People Experience in the New Reality
In June, we gathered our Future of Work Research Consortium members (virtually) to share insights and ideas about the future of People Experience – something many of us are re-examining in the light of the past year and the likelihood of a hybrid future.
A primary insight was the importance of personalisation and the way in which customer service experiences have influenced the expectations employees now have of their experience at work. Employees want to feel that their role, compensation package, ways of working and career path are tailored to them – but this needs to be achieved within the context of what the business needs. More work needs to be done to understand where experiences need to remain consistent to meet business requirements and where it can flex to ensure employees have autonomy and choice. Delivering on these different experiences will require a range of approaches from employers, and a deep understanding of how people experience works at an individual level. This has huge implications for people processes, which will have to start evolving from the administrative to the interactive.
One area that many may have overlooked is behaviours. All of our behaviours have changed over the past year, but are all the new habits we’ve acquired positive ones? And are we still rewarding outdated behaviours that no longer have the same significance or impact? Redefining how we measure and reward behaviours is crucial to making new experiences stick.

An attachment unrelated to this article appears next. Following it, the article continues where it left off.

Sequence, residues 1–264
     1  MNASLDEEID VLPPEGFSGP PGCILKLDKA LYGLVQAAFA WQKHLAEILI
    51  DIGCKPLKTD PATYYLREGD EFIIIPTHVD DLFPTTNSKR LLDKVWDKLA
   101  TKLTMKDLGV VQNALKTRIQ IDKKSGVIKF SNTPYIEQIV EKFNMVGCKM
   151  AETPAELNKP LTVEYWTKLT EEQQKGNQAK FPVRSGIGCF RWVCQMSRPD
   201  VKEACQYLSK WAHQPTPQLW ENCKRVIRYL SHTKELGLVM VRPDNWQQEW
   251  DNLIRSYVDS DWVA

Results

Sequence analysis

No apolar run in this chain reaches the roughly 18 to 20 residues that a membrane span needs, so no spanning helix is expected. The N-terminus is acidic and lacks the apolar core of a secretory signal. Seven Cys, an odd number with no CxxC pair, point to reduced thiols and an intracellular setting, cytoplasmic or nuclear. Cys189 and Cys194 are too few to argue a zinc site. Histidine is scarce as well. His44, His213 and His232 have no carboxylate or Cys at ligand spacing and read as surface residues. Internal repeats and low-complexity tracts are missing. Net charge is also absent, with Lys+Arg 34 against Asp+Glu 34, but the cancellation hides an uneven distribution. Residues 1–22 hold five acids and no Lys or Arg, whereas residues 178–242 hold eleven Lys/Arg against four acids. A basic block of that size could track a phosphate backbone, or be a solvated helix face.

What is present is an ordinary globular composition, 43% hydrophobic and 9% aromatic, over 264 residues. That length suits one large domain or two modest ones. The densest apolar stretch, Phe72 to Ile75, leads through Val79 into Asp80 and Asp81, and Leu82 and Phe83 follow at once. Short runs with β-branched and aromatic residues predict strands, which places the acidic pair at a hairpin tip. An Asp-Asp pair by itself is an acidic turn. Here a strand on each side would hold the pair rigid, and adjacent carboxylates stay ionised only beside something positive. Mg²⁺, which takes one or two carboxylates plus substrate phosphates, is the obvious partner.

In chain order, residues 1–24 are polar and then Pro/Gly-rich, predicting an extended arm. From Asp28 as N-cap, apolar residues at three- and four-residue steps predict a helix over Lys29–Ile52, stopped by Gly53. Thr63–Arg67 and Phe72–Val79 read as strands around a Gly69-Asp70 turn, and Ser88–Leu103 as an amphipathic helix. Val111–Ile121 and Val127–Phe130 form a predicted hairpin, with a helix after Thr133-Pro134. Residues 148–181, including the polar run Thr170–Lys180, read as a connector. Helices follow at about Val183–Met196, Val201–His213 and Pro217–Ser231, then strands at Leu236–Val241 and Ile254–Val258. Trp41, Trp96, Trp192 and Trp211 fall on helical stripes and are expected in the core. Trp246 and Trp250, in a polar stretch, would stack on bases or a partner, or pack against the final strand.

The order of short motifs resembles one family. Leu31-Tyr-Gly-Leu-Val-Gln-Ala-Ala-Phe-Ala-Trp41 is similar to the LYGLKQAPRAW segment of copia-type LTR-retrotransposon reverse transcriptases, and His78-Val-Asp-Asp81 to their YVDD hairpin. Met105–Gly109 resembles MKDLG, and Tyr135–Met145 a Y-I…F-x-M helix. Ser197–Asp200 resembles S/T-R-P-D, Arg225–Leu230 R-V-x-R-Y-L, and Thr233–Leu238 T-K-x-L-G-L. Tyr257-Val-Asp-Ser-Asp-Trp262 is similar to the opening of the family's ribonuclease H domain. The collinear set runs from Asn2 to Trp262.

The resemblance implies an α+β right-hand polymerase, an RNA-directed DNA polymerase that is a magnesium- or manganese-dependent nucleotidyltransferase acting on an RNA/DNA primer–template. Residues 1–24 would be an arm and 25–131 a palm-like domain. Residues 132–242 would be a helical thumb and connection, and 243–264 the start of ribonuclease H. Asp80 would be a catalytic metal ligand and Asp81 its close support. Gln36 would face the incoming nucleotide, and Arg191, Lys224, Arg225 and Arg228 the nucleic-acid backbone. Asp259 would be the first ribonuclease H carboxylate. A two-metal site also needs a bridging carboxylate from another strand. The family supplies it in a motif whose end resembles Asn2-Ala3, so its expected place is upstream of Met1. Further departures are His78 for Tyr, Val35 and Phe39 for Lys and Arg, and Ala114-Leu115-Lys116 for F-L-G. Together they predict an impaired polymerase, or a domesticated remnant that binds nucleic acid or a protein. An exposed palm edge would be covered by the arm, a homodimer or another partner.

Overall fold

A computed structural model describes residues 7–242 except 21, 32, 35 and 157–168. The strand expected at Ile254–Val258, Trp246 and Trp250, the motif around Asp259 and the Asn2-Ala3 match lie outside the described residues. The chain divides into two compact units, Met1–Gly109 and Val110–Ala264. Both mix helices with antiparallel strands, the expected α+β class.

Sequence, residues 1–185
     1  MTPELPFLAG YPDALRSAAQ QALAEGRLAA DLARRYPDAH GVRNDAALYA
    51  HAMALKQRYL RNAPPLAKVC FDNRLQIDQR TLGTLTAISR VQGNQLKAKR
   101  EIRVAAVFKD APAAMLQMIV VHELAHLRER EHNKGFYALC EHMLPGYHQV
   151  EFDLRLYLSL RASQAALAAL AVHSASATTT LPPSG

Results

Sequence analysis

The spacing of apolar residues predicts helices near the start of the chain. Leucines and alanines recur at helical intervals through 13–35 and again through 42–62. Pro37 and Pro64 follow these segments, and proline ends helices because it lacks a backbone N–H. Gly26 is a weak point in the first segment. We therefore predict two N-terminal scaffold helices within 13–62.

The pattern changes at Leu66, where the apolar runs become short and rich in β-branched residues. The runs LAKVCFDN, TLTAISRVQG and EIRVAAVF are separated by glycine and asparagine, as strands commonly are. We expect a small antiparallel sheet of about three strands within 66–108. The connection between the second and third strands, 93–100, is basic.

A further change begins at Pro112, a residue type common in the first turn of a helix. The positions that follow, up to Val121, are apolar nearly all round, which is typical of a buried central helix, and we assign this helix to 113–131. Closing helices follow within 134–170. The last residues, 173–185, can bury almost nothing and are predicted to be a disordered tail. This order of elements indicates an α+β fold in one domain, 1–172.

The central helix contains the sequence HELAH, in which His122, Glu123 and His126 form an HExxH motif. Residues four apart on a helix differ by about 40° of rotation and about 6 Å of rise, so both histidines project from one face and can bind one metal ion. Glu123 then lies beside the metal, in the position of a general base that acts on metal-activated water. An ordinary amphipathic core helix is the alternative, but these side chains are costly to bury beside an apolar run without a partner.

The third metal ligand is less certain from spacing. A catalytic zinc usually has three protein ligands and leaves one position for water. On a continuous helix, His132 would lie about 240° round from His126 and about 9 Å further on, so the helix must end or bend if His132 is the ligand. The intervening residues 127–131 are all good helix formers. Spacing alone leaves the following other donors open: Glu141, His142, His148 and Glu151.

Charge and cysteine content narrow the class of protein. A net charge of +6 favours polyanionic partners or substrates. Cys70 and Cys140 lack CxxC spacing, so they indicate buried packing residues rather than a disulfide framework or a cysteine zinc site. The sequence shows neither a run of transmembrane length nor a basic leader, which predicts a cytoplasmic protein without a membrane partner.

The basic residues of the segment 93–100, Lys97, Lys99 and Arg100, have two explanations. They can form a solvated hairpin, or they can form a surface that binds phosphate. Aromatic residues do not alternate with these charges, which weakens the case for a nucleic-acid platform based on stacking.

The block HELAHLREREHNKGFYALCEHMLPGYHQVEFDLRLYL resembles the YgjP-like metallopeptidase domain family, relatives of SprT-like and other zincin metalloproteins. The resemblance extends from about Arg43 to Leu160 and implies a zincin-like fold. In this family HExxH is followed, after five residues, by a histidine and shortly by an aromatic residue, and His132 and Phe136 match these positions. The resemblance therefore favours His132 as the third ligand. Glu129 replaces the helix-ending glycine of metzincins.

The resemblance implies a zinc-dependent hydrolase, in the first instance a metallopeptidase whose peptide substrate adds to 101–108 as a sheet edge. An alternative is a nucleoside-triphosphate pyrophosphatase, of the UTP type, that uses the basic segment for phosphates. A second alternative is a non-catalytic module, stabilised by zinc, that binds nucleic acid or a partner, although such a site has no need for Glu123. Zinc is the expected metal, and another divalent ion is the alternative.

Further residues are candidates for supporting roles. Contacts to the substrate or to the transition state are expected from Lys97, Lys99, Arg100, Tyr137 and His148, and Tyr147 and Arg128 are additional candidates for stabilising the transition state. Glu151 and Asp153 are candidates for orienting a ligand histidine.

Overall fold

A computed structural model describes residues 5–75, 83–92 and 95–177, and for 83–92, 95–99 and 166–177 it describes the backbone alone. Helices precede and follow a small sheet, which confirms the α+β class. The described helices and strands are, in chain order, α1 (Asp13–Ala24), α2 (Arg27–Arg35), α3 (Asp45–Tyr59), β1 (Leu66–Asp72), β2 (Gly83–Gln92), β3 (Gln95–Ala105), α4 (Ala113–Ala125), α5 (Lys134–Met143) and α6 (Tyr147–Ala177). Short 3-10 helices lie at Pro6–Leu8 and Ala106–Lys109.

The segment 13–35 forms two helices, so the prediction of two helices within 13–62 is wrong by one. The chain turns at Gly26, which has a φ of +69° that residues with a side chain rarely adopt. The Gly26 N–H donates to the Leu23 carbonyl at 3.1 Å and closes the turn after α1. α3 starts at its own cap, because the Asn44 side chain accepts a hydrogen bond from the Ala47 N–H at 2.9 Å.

Finally, we started to explore the fundamental characteristics of people experience – the points of continuity between old and new. Both were based around connecting people to the organisation and to each other, through shared moments and meaningful interaction with their managers. Managers were seen as especially pivotal, with more senior support needed to help them inhabit their role as connectors.
Are you interested in reshaping your people experience? Then you may be interested in the Future of Work Research Consortium, led by Prof. Lynda Gratton. Contact Anna to learn more.